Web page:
More than forty years ago, I left home, family, and friends in New Jersey and moved to California. In 1973, San Francisco still retained that genuine bohemian feel and was affordable for an aspiring writer. Best of all it was galaxies away from the straight-laced world I’d been bred in. I was able to flourish as a writer.
By the 1980s, the Reagan years ushered in a materialism that still disrupts the harmony of my adopted city. I cling to the few holdouts there. Starting in 1982 I have made regular visits to Fort Bragg where I always find the generous breathing space that is in dwindling supply in San Francisco, and was never there in my native New Jersey.
On a routine visit last year, I was cycling Fort Bragg’s haul road, contemplating the constancy of frothing rollers, breathing the fragrant misty air. The paved, though bumpy, trail is so-called because lumber was once hauled to town on it in Mendocino lumber barons’ heyday. Today only cyclists and pedestrians haul themselves or their dogs.
At the turn-around point, a man in MacKerricher State Park, Duncan, made a friendly overture. Why didn’t I join him and his crew known as S.O.B.s — “Seniors on Bikes,” he quickly explained.
“Sure,” I said, at first demurring as I was not used to this sort of camaraderie in the city where I remain faceless and anonymous. I rolled along the trail with about a half-dozen riders, all exceedingly friendly. The next two days, I joined them again, meeting at 10 a.m. at the Skunk Train Depot, as they have been doing for nearly eight years now.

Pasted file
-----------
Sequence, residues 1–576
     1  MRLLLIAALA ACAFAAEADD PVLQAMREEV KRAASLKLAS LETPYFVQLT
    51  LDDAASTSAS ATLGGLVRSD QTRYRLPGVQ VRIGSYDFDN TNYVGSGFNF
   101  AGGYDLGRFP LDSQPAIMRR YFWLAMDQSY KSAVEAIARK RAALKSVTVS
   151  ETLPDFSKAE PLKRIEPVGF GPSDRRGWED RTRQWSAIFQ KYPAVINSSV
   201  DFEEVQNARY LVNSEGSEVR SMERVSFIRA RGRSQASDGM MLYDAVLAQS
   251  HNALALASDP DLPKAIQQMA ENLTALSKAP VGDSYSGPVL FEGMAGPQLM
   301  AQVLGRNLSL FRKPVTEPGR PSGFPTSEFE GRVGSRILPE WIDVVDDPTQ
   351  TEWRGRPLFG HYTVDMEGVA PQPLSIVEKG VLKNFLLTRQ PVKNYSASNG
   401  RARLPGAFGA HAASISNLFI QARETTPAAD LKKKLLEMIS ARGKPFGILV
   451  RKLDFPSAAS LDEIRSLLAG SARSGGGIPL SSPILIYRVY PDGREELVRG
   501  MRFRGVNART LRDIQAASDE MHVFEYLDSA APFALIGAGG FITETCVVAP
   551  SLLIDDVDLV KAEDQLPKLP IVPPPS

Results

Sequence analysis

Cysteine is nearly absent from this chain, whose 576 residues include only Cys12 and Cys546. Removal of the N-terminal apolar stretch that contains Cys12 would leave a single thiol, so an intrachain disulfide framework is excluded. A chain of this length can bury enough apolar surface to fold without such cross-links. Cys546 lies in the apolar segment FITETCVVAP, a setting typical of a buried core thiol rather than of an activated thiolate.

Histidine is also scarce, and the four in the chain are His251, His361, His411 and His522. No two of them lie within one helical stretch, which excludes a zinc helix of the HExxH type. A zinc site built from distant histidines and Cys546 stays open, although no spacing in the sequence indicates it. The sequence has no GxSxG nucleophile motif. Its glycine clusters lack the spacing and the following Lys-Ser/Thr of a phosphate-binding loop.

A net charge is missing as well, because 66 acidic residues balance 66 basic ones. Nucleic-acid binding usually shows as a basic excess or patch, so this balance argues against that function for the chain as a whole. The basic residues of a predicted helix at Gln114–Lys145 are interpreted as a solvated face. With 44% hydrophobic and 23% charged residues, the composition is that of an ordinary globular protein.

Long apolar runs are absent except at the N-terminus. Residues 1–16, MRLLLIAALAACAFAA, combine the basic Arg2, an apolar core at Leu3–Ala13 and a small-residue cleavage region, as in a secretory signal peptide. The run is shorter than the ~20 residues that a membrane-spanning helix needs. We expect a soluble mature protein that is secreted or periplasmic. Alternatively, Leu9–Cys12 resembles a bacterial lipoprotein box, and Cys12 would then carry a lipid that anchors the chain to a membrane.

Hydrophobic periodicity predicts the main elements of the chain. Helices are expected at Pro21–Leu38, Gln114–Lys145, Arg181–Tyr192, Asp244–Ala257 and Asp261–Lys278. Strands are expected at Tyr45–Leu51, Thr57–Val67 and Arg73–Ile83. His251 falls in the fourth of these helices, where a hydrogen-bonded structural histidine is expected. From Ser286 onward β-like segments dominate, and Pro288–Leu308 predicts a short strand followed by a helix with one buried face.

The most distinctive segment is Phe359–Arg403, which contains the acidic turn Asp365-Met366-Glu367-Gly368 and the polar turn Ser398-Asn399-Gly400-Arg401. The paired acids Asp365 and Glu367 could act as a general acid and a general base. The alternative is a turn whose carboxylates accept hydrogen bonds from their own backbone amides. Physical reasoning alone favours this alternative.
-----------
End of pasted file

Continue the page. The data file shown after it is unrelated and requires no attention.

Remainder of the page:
It was on the third day when I was telling one cyclist, Jim, how I grew up in New Jersey. Another rider asked what town? You wouldn’t have heard of it, I thought, even as I answered, “Rahway.” It’s small, mainly known for its prison (starring in the film, “Scared Straight”) and headquarters for Merck pharmaceuticals.
The woman whom I knew as Valerie responded, “I grew up in Rahway.”
“What’s your last name, Val?”
In our three days of cycling together neither of us had made the connection. When Val took off her helmet and dark shades I saw, indeed, she had changed very little in fifty years (she’s a year younger than me). What are the chances of two who were grammar and high school chums — who had hung out, which was what one did back in Jersey, with a rough crowd — meeting up here?
Val and I instantly began dropping names of the kids in our Rahway crowd. There was a lot of drug and alcohol consumption among the boys back then and I knew many had died young. (Unfortunately they were not scared straight.)But we also reminisced about the youthful sense of belonging to a group, sharing the music and lingo of the times. The constricting Catholic school that pushed us to seek admittance to that cool “in-crowd,” also probably saved Val and me from self-destruction.
Apparently, we both headed west for healthy alternatives. In addition to cycling 26 miles every day, Val works at the library bookstore in Noyo Harbor. She’s lived in Fort Bragg since 1981. So it was about time we crossed paths. Duncan, a retired school teacher, living in Fort Bragg many years, has not yet recovered from the startling serendipity of two Rahway survivors finding each other at the far edge of the continent. He makes us retell our story each time I ride with the S.O.B.s. But I say to him, I suspect there are a number of Garden State refugees seeking the comfort and asylum of beautiful Mendocino County. In some cases, we just pass each other by.
The S.O.B.s welcome riders of any level, slow, medium, or fast. There is always someone your speed to ride with. No reservations needed: Just show up at the Skunk Train Depot any day at 10 a.m. sharp. Ride as much or as little as you like. The S.O.B.s always finish up at Zappa’s cafe on Main Street for java, great baked goods, and chats. You can always stop by there to meet them, even if you haven’t gone the distance. They won’t berate you!